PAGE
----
It’s Friday night and I am getting ready to go out out after work. Somewhere fancier than where we usually go – remarkably fancier as it goes – and so inevitably, out come the heels. 

The only problem: It has been close to two years, with lockdowns and closures, since I last gave my heels an outing. Nonetheless, I want to dress up, for the first time in a long time; to feel good, to feel confident – and I must be honest, I do.

What is it about heels?

Heels have been long desired and recognised as a symbol of power, style and strength despite the medical warnings of long term use. They communicate authority and superiority. Those who choose to wear heeled footwear (of any kind) do so for the fashion, the look and the feeling it manifests; not to mention to make that ultimate impression. Studies have revealed the unnatural body shape transformation caused by the wearing of heels not only increases judgements of female attractiveness but also increases the woman’s selection of mates. The benefits definitely seem to outweigh the risks. Here however I ask, could the wearing of heels influence perceptions of intelligence? 

In other words, do women who wear heels embody a feeling of authority which in turn affects the self-perception of their intellect?

Let’s think about this

This conversation was sparked from an article published in 2013 by totalbeauty in which they discussed as a result of wearing heels, women were more likely to make more balanced economic decisions when shopping – could this be true?

The concept of balance seems here to be key. By focusing on the ability to stand tall and steady, could this really focus the mind and perhaps explain why more level-headed decisions are made when shopping?

Studies investigating links between the aesthetic of wearing heels and the science of intellect (or perception of) are few; yet research investigating the importance of fashion and Enclothed Cognition emphasise its ability to increase feelings of self-confidence – and high heels undoubtedly tie into this.

It is the blend of self-assurance combined with self-enhancement and poise from wearing such footwear that provides reason for why, when spending with a budget in mind, women may be more likely to hold true to that financial promise. Does this ring true with you?

Uh oh… and here comes Covid-19

Now however, let’s flip this conversation on its side. As the world felt the effects of the global pandemic in 2020, offices and public places closed and working from home became the norm, heels became redundant. They sat unworn and unneeded in our wardrobes for over a year.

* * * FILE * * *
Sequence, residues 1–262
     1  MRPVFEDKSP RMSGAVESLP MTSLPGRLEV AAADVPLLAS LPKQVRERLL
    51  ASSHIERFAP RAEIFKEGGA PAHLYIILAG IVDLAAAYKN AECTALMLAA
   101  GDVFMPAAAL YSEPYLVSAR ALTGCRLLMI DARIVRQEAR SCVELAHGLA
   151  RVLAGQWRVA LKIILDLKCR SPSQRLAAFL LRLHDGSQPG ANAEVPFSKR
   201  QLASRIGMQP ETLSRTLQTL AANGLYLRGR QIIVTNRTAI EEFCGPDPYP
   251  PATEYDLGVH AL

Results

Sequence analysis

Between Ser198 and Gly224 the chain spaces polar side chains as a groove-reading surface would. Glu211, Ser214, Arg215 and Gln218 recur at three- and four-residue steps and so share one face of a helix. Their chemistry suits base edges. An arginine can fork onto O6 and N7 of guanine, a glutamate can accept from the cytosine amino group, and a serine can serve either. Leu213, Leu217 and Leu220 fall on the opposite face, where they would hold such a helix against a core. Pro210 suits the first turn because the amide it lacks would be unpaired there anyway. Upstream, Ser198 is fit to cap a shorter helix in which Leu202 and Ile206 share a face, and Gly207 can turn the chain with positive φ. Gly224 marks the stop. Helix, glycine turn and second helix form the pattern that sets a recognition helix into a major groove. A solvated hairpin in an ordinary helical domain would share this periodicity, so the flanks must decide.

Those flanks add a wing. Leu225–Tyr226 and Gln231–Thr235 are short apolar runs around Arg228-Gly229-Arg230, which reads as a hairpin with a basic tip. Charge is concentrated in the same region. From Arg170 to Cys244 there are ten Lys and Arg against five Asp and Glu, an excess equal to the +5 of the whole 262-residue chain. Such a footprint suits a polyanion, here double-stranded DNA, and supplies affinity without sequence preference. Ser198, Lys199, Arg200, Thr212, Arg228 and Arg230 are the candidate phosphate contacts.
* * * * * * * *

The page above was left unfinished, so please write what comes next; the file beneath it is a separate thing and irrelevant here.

Then, as we felt restrictions begin to lift, for many like myself on that fateful Friday night, the inevitable day came where it was the time to sport those heels once again. Fashion trends today reflect this in their mixing of smart and casual collections easing us back to normality. Flats are having their moment in the form of slippers, pumps, and sandals for the summer, worn with loose flowing dresses and flattering wide leg trousers.  Thus, still embracing the cosy and comfy, whilst moving away from our sweatshirts and leggings we saw the pandemic play out in for over a year – although we hate to admit it.

Therefore, if heels do increase feelings of intelligence, boost the wearer’s self-confidence and self-esteem, should we give up on them completely? Whilst it has been proven that heels boost us if the past year has taught us anything its that we can still be productive and dynamic even in our comfiest pyjamas and fluffiest slippers. While heels may provide confidence for women maybe we shouldn’t be reliant on them to display a perception of our intelligence.

Come on ladies, whilst we can embrace them as a fashion tool, true intelligence should not be measured by the height of your heels.

Author

Jane is a graduate from University of the Arts London with a MSc in Applied Psychology in Fashion (2020). Alongside her post-graduate degree, she graduated from the University for the Creative Arts (2017) with a Bachelor of Arts (Honours) in Fashion Journalism. Jane focuses her freelance writing on fashion psychology, retail and trading - using the skills, psychological research and understanding from her studies and experience in the fashion industry.

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